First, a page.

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Arequipa, Peru.

Off we went Thursday morning on a short 1-car train across the border to Tacna, Peru.  We met an elder English/Australian couple along with a Swiss student on the train.  It was roughly 1.5 hrs of a ride before we got into Peru and cleared Customs there.  From there we shared a cab for $6 with the Swiss student to the bus terminal in Tacna.

The first thing we noticed there was how rough it looked.  Upon conferring with our Lonely Planet guidebook, we were instilled with fear over their warnings of petty theft.  So we quickly bought our tickets to Arequipa (for 35 Peruvian sols – roughly $12-14 CAD) – a 6 hr busride.  We then ate lunch  (Diablo Chicken for me) for $3 CAD at a little stand of to the side of the terminal.  From here we dropped our bags down, and hovered over them while awaiting our bus.  Two hours later when our bus arrived, we loved the fact we were at the top of the bus at the very front with a window overlooking the road… The bad part was the shattered glass of that windshield in front of us. When I went to sleep with my feet up I had to mind the fact I couldn’t put much pressure on the window for fear of it shattering all over us!  It was a view of two extremes: the dry rocky cliff side’s of the Western Andean mountains, and the dry dessert.

I slept most of the way, but was awake for 2 hours or so where I read Cradle of Gold to get me ready for the Incan experience.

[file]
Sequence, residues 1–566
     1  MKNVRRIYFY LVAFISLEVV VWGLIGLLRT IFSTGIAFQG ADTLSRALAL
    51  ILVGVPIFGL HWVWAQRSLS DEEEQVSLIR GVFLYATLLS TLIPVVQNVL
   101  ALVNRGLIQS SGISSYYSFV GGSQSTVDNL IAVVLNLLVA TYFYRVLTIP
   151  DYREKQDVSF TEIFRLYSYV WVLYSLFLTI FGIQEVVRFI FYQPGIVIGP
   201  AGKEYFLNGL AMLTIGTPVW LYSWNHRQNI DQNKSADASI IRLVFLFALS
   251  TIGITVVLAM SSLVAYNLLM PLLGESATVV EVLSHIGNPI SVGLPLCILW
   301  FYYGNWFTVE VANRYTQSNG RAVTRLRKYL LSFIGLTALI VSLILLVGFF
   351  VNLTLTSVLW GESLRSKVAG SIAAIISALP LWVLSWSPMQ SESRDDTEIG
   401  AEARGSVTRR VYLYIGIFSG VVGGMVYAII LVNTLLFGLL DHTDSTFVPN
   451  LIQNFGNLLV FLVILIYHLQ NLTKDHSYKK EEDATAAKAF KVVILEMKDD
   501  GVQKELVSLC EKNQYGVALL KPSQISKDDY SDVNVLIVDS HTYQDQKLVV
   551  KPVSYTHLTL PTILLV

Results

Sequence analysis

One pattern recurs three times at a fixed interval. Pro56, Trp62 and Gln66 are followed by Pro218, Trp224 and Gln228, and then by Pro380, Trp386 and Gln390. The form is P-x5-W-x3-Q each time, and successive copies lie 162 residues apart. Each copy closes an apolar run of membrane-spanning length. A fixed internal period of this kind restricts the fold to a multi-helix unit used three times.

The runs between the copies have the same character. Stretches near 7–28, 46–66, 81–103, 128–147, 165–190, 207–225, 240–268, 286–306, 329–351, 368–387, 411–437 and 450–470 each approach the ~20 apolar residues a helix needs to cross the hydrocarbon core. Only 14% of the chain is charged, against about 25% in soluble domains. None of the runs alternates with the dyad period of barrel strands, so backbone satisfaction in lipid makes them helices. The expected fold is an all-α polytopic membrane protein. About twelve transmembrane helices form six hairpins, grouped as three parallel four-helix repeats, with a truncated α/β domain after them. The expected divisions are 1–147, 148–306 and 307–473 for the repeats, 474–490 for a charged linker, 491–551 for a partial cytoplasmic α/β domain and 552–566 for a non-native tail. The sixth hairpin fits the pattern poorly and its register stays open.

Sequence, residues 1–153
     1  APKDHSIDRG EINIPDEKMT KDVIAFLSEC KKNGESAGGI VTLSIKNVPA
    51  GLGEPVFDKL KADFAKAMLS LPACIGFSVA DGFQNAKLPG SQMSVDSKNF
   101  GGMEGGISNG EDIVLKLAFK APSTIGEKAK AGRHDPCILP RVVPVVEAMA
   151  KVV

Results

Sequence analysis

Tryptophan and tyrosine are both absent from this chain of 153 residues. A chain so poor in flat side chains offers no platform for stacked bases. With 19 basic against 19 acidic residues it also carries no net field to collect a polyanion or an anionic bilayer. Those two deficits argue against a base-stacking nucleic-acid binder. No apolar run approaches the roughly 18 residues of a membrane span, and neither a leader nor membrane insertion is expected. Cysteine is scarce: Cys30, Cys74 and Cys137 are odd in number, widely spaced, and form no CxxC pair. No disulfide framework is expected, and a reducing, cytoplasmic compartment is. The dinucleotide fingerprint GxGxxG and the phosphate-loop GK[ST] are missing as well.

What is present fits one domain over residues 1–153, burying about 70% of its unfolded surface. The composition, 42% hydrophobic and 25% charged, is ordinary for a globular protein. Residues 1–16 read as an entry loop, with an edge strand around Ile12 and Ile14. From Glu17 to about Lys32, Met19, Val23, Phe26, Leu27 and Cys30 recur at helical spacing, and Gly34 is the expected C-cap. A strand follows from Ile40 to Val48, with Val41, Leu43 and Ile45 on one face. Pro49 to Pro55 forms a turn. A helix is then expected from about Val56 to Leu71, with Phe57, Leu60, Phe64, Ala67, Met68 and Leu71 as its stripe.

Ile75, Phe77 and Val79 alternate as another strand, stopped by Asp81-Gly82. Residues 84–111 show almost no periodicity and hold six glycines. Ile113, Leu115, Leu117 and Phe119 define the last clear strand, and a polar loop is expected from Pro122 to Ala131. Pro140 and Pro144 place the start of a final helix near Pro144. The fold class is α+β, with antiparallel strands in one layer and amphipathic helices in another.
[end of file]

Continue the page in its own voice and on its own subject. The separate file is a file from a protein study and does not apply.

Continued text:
We arrived in Arequipa just when it got dark.  Lonely Planet again scared the crap right out of us with it’s warnings on cabs, pretty much saying “Arequipa is sadly known for it’s frequent kidnappings of foreigners via fake taxi’s.  Thieves take unsuspecting travelers to the outskirts of town where they use force to deplete bank accounts via ATM’s”…

Well okay that sounds just dandy!… Dear Lonely Planet, how do we avoid such a mishap?

“To avoid such a thing, stick with well known taxi’s such as Texitel”…

Awesome…. so let me start off by saying EVERY TAXI has a company sign on it… NONE of these taxi’s stand out as any different from each other…

Secondly…. THERE IS NO SUCH THING AS TEXITEL on any taxi’s…

So I made a fast decision when 5 shady looking cat’s were hovering around us…. We jumped into a taxi labeled “Taxitel”.

Close enough… And yes, this was the safe one Lonely Planet was talking about… But dear Lonely Planet: I’m okay with misspelling of such things as Hostel Names, City Names, Restaurant Names…. But when it comes to one’s personal safety: GET THE FRICKEN THING RIGHT!!!

So off we went to get dropped off at Plaza da Armas (center of town) where we hiked for a short while to find a hostel.  We dropped our stuff out and went out to eat at a wonderful place called “Istanbul”… It had an amazing ambiance and was only $14 for an excellent meal, a cappuccino, and some beer.

After this we did a quick walk to take some night pics at Plaza da Armas.

Then we hit the hay early, and slept a good 10 hours.

Today we pretty much chilled out.  Walked around town, checking out the sights and scoping out Incan souvenirs.  We had pasta for lunch right behind the town church on a balcony.  After this we went for an hour long search for a Churro stand we saw on our way out this morning… I had dreams in my head all through lunch of this nice warm churro and the sugar rush that was bound to come with it.  Much to my dismay after we finally found it, IT WAS THE WORST CHURRO I HAD EVER TASTED IN MY LIFE!!! Limited sugar, hard, stale… it could barely lay claim to the label of a true “Churro.”

After this my afternoon was put off.  But we cheered up again when we got  back to our hostel by booking ourselves into a 2 day climb up to the peak of a volcano here called Misti. We leave for this climb 08:00 Sunday morning.  After completing the transaction we chatted up the cute receptionist (with Benito’s scattered Spanish…which she loved) about the clubs to hit up tonight… And it looks like we’re off to Deja Vu!

It’s time for me to have a Siesta! Adios!

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